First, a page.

That said, they do provide a surprisingly reliable ‘dumb pipe’ which you can use to connect to greener pastures. For example, at the farm I use a Vodafone ‘unlimited max’ SIM (£27/month) and set up an (unencrypted) L2TP session to Andrews and Arnold (£10/month, highly recommended) who provide proper static IPv4 and IPv6 connectivity.

Even paying extra for the L2TP service, this works out cheaper than the slow 2Mbps ADSL available here. Our 4G/LTE coverage is good enough to give 60/30 Mbps down/up with roughly 35ms latency. (Amusingly, the latency to most sites is lower over the L2TP than without it, presumably because aa.net make the effort to peer properly.)

I don’t do any kind of crypto on the X750 and I completely agree that a 650MHz MIPS would be way underpowered if you tried to use it as an encrypted VPN endpoint. I’ve no performance complaints as a straightforward router though.

Edit: I don’t have any queue management running on those routers either, and SQM would push the cpu a bit harder, albeit nowhere near as much as doing software AES or similar. Queue management might be quite tricky to get right, in any case, as the link bandwidth in both directions can vary by as much as a factor of 1.5 during a typical day.

Thanks Chris that is a really interesting and informative post. Hadn’t realised A&A provided L2TP.

Out of interest do you know if all the UK Mobile operators use carrier-grade NAT ?

As far as I know they’re all cgNAT for IPv4 connectivity, except for some small, specialist MVNOs — and those are probably a non-starter for broadband replacement because they have to pass on massive data charges compared to the c. £30/month for unlimited services on Vodafone and EE.

Vodafone has no v6 connectivity at all yet: heads planted firmly in the sand. Three were in the same boat, but apparently there’s some sign of v4+v6 addresses appearing for some customers, so possibly full roll-out is imminent?

I gather on EE you can request v4 and get cgNAT, or v6 and get a globally routable address. Mixed v4+v6 apparently doesn’t work, falling back to pure-v6. v6 users are supposed to use their NAT64 range instead, and they provide DNS64 recursive resolvers to make that reasonably transparent to mobile devices.

I strongly suspect those Three and EE v6 addresses will be firewalled to block inbound connections even though they’re publicly routable, but if anyone has working v6 on Three or EE, I would be interested to know for certain.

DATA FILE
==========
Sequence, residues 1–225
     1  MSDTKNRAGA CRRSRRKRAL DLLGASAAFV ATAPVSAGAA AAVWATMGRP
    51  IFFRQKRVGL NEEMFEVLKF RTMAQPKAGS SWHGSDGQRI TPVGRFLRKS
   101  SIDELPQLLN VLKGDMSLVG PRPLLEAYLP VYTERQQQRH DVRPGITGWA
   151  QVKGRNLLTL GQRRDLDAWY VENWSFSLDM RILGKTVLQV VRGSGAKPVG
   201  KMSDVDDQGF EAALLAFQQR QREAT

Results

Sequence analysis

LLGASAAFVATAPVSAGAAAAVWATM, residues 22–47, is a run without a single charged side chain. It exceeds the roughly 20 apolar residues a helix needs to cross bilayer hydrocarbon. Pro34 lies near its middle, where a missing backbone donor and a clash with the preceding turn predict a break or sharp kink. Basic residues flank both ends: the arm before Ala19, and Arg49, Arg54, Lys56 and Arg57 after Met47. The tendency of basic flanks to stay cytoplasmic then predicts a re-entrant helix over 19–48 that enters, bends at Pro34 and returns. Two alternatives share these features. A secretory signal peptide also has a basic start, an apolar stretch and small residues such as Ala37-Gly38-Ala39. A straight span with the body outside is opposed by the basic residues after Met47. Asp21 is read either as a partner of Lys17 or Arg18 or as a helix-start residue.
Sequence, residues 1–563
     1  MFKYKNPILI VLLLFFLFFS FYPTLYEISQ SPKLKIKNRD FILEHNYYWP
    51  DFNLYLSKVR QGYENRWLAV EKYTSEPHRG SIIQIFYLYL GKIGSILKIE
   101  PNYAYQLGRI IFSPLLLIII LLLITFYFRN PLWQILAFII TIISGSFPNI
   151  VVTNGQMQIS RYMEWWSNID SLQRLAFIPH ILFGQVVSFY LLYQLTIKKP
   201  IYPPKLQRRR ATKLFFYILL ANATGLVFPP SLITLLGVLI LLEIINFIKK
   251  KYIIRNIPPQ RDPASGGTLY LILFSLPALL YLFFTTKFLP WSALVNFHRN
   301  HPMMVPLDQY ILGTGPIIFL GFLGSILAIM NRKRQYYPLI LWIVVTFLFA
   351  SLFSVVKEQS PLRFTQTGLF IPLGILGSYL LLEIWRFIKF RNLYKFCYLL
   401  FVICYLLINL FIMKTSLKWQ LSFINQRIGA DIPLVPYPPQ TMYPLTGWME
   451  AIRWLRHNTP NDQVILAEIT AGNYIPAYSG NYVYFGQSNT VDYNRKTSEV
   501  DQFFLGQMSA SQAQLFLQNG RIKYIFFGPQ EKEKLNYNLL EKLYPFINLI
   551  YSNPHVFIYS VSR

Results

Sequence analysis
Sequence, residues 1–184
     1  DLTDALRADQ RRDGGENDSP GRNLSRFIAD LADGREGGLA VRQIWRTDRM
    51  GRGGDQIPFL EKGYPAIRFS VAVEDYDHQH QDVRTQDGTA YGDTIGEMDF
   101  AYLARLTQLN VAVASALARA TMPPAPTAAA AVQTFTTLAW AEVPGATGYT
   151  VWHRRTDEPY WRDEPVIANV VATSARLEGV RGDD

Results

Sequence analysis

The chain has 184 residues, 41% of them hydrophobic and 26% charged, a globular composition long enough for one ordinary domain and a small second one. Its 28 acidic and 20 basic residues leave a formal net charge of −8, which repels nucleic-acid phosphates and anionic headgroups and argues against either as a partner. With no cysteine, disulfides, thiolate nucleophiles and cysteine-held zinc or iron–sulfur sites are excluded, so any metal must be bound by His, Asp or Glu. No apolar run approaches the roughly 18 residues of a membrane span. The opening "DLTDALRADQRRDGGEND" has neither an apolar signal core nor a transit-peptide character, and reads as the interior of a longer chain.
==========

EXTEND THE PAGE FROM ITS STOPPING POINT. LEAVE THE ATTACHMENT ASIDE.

Hi Chris,

Just been reading about Nebula

It would “appear” to allow a VPN to be set-up between nodes (one or more) behind CGNAT. It requires a node “lighthouse” with a publicly accessible IP address - but that could just be a cheap VM at a cloud provider.

Might work out a lot cheaper than L2TP.

Perhaps you might like to try it out with your kit and share the results ? :wink:

Regards,

Pseudonoise

Hi. I don’t think elaborate mesh VPNs buy you anything interesting here; you’re just adding unused complexity unless you also want the cryptographic encapsulation they provide.

To get public v4 and v6 addresses, you’ll definitely need to route them to an internet-connected host somewhere, which you connect to yourself over the cgNAT link. You’re quite right that this can be address space and a host you manage yourself if you prefer, instead of a paid transit provider like he.net or aa.net.uk.

But once you have that public gateway, I’d suggest using the simplest, lightest encapsulation you can. Unencrypted l2tp isn’t a crazy choice for that.

[I’m using aa.net.uk because they have no connection to any infrastructure or hosts I manage - so they’re less likely to break at the same time as I need to fix an outage elsewhere! I should say that I’m not doing any kind of VPN between networks either, which might change your priorities; I’m only interested in internet-facing connectivity.]

how can it be configured? my provider is giving me a public IP directly and i would like to get it directly

I’m not seeing the answer here. I have an Orbi mesh router and would like to use the GL-X750 just as the modem. I don’t have the modem yet, it arrives Thursday replacing a Netgear LB1120.